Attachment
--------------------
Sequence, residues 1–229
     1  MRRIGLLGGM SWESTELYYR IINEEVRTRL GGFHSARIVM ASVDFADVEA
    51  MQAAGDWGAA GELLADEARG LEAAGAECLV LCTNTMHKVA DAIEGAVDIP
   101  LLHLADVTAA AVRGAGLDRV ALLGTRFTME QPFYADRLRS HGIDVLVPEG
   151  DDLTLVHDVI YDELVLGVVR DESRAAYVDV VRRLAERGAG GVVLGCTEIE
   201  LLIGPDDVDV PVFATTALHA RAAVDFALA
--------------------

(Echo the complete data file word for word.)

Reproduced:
Sequence, residues 1–229
     1  MRRIGLLGGM SWESTELYYR IINEEVRTRL GGFHSARIVM ASVDFADVEA
    51  MQAAGDWGAA GELLADEARG LEAAGAECLV LCTNTMHKVA DAIEGAVDIP
   101  LLHLADVTAA AVRGAGLDRV ALLGTRFTME QPFYADRLRS HGIDVLVPEG
   151  DDLTLVHDVI YDELVLGVVR DESRAAYVDV VRRLAERGAG GVVLGCTEIE
   201  LLIGPDDVDV PVFATTALHA RAAVDFALA